Job-seekers all over the world are finding that their tats may be costing them a job opportunity.

The Takasu Clinic, which has cosmetic surgery centers in Tokyo, Osaka, and Nagoya, Japan, reported a 20 percent boost in first-time tattoo removal patients between April and June from the same time last year, according to the Japan Times (h/t the Daily Mail). Recent graduates seeking their first jobs made up a large segment of the new patients, clinic officials told the paper.

The boost comes shortly after Toru Hashimoto, the mayor of one of the largest cities in Japan, Osaka, started cracking down on tattooed government workers. The city asked its employees about their body art following an incident in which a city employees tattoos scared children at a welfare center, according to a separate Japan Times article.

"If they want to have tattoos," Hashimoto said, "they should quit working for the city and go to the private sector."

In Japan, tattoos can be taken as a sign of membership in the Yakuza organized crime ring. Because of that, public baths, sports clubs and other venues often refuse entry to people with tattoos, according to the Guardian.

Yet Japan isn’t the only place where tattooed job-seekers may have trouble getting work. The New York-based Strive, a job-training organization, started giving its clients lessons in covering their tattoos with makeup because previous clients were often denied jobs based on their tattoos, according The New York Times.

And laser tattoo removal across the country has seen a 32 percent boost over the past year, according to data from the Patients Guide cited by ABC News. Like in Japan, many of the patients are recent college graduates looking for a job in a tight market, Jen Mundt of Delete Tattoo Removal in Phoenix told ABC.

But even workers with tattoos that already have a job can be at risk. A former Starbucks employee sued the coffee chain in 2010, claiming he was fired for having tattoos, even though he had tattoos when he was initially hired, according to AOL Daily Finance.

Of course, there are other, stranger things that can get someone fired. Below are just some of the ways:

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  • Adding A Slice Of Cheese, Free Of Charge

    In 2009, a female Dutch McDonalds employee was fired after she gave a colleague a cheeseburger instead of the cheaper hamburger that had been paid for, <a href="" target="_hplink"><em>The Telegraph</em> reports.</a> A Dutch court ruled that the firing was too severe a punishment and ordered McDonald's to pay the ex-employee the full salary for what were the remaining five-months on her contract, as well as legal fees.

  • Smelling Like Smoke

    Stephanie Cannon was fired from her reception job at the Frauenshuh Cancer Center of Park Nicollet Health Services on the grounds that she smelled like smoke at work, <a href="" target="_hplink">KSTP-TV reports</a>. Cannon is a regular, pack-a-day smoker who told the local ABC affiliate that she never brought her habit with her to work.

  • Battling Cancer

    <a href="" target="_hplink">Home Depot fired Judy Henderson</a> in 2010 after she told the company that she would extend her sick leave because of a cancerous tumor. The company agreed to pay $100,000 to Henderson, who had worked at Home Depot since 1997.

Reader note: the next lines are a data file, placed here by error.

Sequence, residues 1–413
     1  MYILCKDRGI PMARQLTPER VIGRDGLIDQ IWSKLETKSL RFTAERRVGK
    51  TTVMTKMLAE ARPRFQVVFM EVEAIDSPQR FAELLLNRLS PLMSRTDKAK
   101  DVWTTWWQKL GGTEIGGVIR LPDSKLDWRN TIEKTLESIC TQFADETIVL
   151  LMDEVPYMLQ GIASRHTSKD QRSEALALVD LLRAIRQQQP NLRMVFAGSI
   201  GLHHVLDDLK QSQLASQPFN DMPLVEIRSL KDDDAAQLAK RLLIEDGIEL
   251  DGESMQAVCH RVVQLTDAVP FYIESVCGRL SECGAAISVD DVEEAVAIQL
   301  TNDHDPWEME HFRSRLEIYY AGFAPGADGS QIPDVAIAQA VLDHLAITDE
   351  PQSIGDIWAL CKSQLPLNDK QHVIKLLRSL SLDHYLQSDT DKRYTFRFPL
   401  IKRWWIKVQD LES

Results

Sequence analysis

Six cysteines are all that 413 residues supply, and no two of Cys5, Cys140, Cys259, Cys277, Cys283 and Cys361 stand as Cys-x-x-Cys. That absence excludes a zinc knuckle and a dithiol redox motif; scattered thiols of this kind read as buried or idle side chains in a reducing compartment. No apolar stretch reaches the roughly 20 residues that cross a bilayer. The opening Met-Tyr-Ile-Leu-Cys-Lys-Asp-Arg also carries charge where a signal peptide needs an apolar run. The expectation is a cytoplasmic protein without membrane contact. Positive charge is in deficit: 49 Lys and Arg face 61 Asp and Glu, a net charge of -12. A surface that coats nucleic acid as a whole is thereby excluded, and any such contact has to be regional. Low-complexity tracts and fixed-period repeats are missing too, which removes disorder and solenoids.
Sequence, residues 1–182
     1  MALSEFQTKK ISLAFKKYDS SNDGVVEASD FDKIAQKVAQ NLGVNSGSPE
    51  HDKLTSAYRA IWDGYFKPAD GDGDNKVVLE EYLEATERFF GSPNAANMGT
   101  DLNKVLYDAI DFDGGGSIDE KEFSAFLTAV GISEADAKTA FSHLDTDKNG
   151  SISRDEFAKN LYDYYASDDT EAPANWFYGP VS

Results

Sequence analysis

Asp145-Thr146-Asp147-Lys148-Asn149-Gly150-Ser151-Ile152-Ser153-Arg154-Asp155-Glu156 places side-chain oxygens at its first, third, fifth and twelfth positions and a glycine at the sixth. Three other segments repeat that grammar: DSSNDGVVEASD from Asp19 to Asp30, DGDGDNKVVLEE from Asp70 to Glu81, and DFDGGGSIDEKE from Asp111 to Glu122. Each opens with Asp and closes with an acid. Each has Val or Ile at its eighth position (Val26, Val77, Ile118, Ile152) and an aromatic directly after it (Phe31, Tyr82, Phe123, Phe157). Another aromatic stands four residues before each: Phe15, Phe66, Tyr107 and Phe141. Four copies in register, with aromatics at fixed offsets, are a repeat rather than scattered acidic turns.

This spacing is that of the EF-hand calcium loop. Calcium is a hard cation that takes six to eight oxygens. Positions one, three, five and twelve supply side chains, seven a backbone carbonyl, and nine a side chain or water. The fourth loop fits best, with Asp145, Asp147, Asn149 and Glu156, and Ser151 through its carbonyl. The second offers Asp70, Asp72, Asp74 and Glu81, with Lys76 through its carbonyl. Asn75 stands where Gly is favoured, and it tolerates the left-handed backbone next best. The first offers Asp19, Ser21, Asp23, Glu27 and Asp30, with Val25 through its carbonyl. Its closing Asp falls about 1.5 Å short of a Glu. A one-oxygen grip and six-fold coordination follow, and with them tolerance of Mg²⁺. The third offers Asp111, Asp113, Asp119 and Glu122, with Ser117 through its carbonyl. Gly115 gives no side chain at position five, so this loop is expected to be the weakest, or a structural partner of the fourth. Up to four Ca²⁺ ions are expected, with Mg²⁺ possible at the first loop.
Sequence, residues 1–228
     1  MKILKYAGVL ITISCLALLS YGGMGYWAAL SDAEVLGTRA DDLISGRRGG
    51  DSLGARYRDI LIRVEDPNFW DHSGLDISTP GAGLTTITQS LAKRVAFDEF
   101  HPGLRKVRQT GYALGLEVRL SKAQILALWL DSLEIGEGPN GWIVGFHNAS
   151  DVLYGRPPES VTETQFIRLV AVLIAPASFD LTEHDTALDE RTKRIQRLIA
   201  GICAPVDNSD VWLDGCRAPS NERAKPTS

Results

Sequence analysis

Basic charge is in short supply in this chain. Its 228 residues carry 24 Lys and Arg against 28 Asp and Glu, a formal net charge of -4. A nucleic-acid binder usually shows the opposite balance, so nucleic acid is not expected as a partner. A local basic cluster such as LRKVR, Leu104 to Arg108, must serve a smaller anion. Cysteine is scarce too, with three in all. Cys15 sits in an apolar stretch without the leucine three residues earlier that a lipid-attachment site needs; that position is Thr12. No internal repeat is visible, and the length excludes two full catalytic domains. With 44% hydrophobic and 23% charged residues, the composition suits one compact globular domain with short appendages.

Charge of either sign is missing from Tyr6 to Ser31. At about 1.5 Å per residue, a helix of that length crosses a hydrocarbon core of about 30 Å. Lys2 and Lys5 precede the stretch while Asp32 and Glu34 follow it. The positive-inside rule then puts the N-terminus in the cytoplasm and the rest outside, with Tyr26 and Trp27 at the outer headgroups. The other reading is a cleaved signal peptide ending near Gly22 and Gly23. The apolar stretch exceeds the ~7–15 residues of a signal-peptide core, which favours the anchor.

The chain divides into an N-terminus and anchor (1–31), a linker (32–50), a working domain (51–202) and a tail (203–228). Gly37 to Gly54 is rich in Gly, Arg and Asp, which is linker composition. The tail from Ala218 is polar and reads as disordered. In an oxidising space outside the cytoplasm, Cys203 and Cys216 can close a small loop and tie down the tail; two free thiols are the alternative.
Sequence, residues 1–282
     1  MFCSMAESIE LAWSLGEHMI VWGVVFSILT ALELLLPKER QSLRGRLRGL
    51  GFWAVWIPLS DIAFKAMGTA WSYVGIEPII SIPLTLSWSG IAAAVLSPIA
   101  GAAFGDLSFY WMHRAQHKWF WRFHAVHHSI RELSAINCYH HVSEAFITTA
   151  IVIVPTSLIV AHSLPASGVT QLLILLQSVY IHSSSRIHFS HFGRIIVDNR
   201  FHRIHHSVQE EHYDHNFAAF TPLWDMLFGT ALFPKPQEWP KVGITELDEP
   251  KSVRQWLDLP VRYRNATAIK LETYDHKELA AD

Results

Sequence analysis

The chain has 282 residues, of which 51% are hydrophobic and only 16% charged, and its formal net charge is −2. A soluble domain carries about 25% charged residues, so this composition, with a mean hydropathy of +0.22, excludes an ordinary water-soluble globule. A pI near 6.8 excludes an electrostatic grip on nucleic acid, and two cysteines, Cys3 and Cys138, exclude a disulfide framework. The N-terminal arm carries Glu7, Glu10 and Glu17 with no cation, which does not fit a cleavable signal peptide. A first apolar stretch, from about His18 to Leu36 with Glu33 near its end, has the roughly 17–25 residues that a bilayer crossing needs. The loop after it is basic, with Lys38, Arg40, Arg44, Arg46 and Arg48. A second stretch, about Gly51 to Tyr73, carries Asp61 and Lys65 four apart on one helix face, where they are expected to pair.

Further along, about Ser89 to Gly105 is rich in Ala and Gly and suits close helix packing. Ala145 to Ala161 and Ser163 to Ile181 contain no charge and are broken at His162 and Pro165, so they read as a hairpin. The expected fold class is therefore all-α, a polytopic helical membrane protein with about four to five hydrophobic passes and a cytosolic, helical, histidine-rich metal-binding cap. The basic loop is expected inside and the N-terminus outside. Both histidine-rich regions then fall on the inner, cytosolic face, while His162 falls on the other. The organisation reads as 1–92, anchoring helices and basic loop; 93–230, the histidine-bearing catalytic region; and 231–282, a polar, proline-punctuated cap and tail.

• Nearly 50-Year Old 'Stupid Stunt'

    Wells Fargo <a href="" target="_hplink">fired Richard Eggers</a> from his job of nearly 7 years in July after discovering that he was caught putting a cardboard cutout of a dime in a laundromat washing machine nearly 50 years ago.

  • Getting Cancer

    Former Tuesday Morning CEO Kathleen Mason claimed that <a href="" target="_hplink">she was fired from her position after she disclosed to the company's board that she has cancer.</a> One board member even allegedly made fun of Ms. Mason's wig. Her charges are being taken to court as she sues her former employers for damages and reinstatement.

  • Eagles' Worker Fired For Facebook Update

    Philadelphia Eagles stadium operations worker Dan Leone was fired after he updated his Facebook status criticizing Eagles management for trading Brian Dawkins in 2009, <a href=";txt" target="_hplink">CNET reported.</a> Mr. Leone allegedly posted this: <blockquote>"Dan is ******* devastated about Dawkins signing with Denver...Dam Eagles are Retarded."</blockquote>


    In 2007, New Zealand resident Vicki Walker was fired from her job for sending emails in bold, red-underlined all-caps fonts, <a href="" target="_hplink">Fox News reports.</a> Walker was laterawarded $17,000 for wrongful termination.

  • Mocking Your Customers On Youtube

    Barista Christopher Cristwell was fired by Starbucks after he took his pent-up anger out on Youtube, <a href="" target="_hplink"><em>The Daily Mail</em> reported.</a> Known as "The Starbucks Rant Song," Mr. Cristwell told his internet viewing audience that cappucino lovers were "the worst of all." A spokesman for Starbucks stated: <blockquote>'While Christopher was expressing his own views in the video, the disparaging remarks about our customers and company are unacceptable and out of line with our commitment to our customers and partners (employees).'</blockquote>

  • Being Too Fat

    Ronald Kratz II was fired from his job as a parts sorter after his employer determine that it interfered with his job performance, <a href="" target="_hplink">Fox News reports.</a> Following his dismissal, Katz filed a complaint with the Equal Employment Opportunities Commission and lost over 300 pounds.

  • Giving The President The Finger

    Russian newsreader Tatyana Limanova was let go after she gave President Obama the finger on live television, <a href="" target="_hplink"><em>The Telegraph</em> reports.</a> Limanova claims that the gesture was just a misunderstanding rather than an insult towards the leader of the free world.